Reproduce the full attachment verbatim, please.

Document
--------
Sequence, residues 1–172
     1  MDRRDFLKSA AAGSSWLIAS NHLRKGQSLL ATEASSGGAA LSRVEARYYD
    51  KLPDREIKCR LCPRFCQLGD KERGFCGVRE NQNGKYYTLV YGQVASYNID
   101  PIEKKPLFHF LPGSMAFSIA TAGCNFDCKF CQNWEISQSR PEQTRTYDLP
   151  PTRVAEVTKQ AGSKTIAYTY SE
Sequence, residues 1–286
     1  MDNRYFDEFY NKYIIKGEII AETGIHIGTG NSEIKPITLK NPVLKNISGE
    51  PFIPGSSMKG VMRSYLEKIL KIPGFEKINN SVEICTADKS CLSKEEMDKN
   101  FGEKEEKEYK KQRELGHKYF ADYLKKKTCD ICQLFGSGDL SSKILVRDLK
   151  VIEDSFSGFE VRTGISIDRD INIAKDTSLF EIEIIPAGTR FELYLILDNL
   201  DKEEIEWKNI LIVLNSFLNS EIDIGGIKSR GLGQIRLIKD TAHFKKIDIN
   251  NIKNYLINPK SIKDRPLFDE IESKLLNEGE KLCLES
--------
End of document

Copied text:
Sequence, residues 1–172
     1  MDRRDFLKSA AAGSSWLIAS NHLRKGQSLL ATEASSGGAA LSRVEARYYD
    51  KLPDREIKCR LCPRFCQLGD KERGFCGVRE NQNGKYYTLV YGQVASYNID
   101  PIEKKPLFHF LPGSMAFSIA TAGCNFDCKF CQNWEISQSR PEQTRTYDLP
   151  PTRVAEVTKQ AGSKTIAYTY SE
Sequence, residues 1–286
     1  MDNRYFDEFY NKYIIKGEII AETGIHIGTG NSEIKPITLK NPVLKNISGE
    51  PFIPGSSMKG VMRSYLEKIL KIPGFEKINN SVEICTADKS CLSKEEMDKN
   101  FGEKEEKEYK KQRELGHKYF ADYLKKKTCD ICQLFGSGDL SSKILVRDLK
   151  VIEDSFSGFE VRTGISIDRD INIAKDTSLF EIEIIPAGTR FELYLILDNL
   201  DKEEIEWKNI LIVLNSFLNS EIDIGGIKSR GLGQIRLIKD TAHFKKIDIN
   251  NIKNYLINPK SIKDRPLFDE IESKLLNEGE KLCLES